4. The annual basis is the planning year from 1 April to 31 March.

Departmental Computer Systems

Mr. Webb: To ask the Secretary of State for Work and Pensions which computer systems within his Department use XML. [98110]

Mr. McCartney: Any Internet/Intranet-based channel into current DWP systems uses XML. XML is also used as part of the Department's IT infrastructure for systems to communicate with each other—in particular the communications between the new modernised systems a nd the legacy systems.

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Current Departmental systems using XML are:

Departmental Staff

Mr. Willetts: To ask the Secretary of State for Work and Pensions what plans he has to classify groups of staff within his Department as working in a high-risk occupation. [106121]

Mr. Nicholas Brown: The Department ensures all work activities undertaken by its staff are thoroughly risk assessed in accordance with Regulation 3 of the Management of Health and Safety at Work Regulations 1999.

Where particular hazards are identified through the assessment process appropriate control measures are then put in place to ensure any risks are properly managed out.

There are currently no plans to classify particular groups of staff.

Disability Living Allowance

Mr. Oliver Heald To ask the Secretary of State for Work and Pensions pursuant to his answer of 27 January 2003, Ref. 93561, what plans he has to conduct a further assessment of the level of fraud in relation to disability living allowance; and if he will make a statement on the reasons why no such assessment has been conducted since February 1997. [95040]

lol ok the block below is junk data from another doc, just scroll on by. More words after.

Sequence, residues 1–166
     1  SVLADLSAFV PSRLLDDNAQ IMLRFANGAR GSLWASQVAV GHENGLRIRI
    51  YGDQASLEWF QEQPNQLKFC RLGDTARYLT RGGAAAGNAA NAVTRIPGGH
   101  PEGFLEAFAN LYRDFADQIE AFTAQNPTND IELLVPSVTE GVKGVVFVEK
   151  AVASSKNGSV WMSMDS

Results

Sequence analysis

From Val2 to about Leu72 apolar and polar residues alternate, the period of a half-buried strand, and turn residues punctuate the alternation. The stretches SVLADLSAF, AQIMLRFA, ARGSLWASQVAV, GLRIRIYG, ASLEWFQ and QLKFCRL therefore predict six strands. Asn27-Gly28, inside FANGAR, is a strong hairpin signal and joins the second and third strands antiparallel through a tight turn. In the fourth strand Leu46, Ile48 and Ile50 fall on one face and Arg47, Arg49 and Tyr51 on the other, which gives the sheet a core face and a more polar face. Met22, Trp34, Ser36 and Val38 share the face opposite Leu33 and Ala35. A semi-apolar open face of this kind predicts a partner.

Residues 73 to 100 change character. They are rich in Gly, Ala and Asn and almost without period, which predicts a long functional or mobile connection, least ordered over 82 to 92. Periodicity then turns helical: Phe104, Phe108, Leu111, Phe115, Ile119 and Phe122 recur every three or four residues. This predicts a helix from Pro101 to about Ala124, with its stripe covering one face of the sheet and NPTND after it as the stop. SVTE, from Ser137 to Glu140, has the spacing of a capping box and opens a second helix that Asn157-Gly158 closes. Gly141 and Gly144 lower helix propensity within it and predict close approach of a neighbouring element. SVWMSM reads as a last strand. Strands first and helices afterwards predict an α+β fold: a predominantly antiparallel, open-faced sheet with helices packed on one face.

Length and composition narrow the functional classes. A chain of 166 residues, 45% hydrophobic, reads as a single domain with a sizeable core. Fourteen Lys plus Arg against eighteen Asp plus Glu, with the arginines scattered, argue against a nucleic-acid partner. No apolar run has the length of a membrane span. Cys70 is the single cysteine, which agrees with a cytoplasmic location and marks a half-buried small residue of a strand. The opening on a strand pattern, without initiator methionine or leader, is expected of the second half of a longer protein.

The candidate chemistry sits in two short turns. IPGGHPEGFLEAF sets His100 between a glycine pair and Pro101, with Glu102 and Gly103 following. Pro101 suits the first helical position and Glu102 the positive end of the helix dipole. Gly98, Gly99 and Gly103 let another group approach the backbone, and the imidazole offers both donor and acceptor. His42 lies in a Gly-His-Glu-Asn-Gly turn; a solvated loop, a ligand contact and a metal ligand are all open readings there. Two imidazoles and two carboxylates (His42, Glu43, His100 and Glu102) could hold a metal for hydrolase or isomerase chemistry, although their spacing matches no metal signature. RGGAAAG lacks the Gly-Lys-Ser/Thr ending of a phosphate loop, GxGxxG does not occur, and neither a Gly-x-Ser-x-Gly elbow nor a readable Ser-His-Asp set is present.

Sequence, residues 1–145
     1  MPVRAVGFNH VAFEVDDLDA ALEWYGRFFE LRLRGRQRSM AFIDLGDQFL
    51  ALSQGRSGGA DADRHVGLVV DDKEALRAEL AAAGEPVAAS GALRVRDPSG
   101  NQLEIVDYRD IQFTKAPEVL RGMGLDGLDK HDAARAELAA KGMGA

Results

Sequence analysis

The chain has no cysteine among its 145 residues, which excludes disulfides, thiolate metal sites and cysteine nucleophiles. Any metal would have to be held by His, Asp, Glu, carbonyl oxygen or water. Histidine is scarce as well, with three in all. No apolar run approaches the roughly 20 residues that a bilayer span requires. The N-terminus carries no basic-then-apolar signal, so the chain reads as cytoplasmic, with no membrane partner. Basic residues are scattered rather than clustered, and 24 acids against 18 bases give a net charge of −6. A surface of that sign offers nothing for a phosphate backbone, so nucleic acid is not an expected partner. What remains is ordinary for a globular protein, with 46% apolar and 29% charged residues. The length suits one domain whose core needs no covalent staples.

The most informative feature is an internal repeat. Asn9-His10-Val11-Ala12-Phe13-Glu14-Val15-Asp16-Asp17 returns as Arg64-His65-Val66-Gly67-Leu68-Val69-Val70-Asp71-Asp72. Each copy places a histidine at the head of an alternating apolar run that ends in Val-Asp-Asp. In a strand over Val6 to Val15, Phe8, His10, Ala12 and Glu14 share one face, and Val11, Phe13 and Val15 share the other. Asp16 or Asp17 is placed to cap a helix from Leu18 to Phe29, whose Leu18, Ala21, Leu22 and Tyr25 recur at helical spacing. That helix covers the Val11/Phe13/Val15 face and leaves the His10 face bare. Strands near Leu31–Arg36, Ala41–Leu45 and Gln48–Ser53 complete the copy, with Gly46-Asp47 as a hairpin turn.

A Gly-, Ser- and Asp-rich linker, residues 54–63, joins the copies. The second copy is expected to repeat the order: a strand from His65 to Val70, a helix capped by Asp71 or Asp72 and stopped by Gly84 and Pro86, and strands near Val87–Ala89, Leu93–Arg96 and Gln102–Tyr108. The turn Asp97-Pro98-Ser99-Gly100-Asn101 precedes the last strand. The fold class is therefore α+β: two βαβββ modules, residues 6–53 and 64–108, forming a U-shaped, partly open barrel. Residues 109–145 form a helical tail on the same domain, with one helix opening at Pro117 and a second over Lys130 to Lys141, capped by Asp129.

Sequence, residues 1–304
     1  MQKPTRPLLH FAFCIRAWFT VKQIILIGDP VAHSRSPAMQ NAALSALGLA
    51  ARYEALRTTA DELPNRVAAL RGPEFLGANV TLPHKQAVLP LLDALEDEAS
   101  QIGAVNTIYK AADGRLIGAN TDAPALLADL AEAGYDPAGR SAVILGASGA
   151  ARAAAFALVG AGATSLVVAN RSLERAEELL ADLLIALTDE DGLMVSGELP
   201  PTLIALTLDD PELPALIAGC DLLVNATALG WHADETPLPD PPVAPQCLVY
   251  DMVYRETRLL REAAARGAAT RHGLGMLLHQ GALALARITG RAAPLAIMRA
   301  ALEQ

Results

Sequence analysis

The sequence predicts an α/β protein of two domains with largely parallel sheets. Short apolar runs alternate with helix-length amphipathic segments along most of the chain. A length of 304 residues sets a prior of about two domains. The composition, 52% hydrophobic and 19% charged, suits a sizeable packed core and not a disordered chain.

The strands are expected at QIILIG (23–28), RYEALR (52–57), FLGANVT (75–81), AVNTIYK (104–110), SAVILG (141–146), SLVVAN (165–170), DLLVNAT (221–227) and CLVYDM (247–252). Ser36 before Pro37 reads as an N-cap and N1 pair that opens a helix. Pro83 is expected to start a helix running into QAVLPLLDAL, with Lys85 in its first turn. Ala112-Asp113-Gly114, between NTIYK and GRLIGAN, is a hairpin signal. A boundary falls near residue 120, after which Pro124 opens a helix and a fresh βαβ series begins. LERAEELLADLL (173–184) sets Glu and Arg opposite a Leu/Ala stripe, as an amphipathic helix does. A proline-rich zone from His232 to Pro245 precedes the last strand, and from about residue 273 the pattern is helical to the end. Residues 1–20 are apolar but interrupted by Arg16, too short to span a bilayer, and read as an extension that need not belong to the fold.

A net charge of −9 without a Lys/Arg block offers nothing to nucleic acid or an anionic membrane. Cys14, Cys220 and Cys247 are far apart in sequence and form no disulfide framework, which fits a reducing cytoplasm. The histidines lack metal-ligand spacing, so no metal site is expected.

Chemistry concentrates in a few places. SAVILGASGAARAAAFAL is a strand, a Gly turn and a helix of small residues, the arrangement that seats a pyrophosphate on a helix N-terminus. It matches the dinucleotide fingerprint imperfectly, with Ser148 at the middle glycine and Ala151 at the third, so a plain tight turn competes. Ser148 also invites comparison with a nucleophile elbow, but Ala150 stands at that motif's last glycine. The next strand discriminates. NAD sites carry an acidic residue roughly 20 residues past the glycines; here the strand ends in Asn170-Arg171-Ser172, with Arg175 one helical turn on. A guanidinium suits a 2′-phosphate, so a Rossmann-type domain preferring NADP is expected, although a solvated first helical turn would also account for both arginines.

Malcolm Wicks: We announced on 3 March, at the Public Accounts Committee hearing on tackling benefit fraud that the Department is intending to run a further benefit review to provide an up-to-date picture of the level of fraud and error in disability living allowance.

As the approach will be different from that used in 1996, we are planning to run a small pilot during May and June this year. Although the pilot results will not be

published, the exercise will enable us to test out the most appropriate methodology prior to running the main review next year.

Measurement of fraud and error is complex and expensive and so we have concentrated our measurement efforts on Income Support, Jobseeker's Allowance and Housing Benefit, which we estimate account for around two-thirds of all losses through fraud and error. However, we keep the need for further measurement of other benefits under review.

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We believe that we should concentrate our resources on prevention and detection of fraud and error rather than just measuring it and latest results show that our efforts are being successful. Between 1997–78 and 2001–02, we had reduced fraud and error in Income Support and Jobseeker's Allowance by 24 per cent. more than double our target of a 10 per cent. reduction.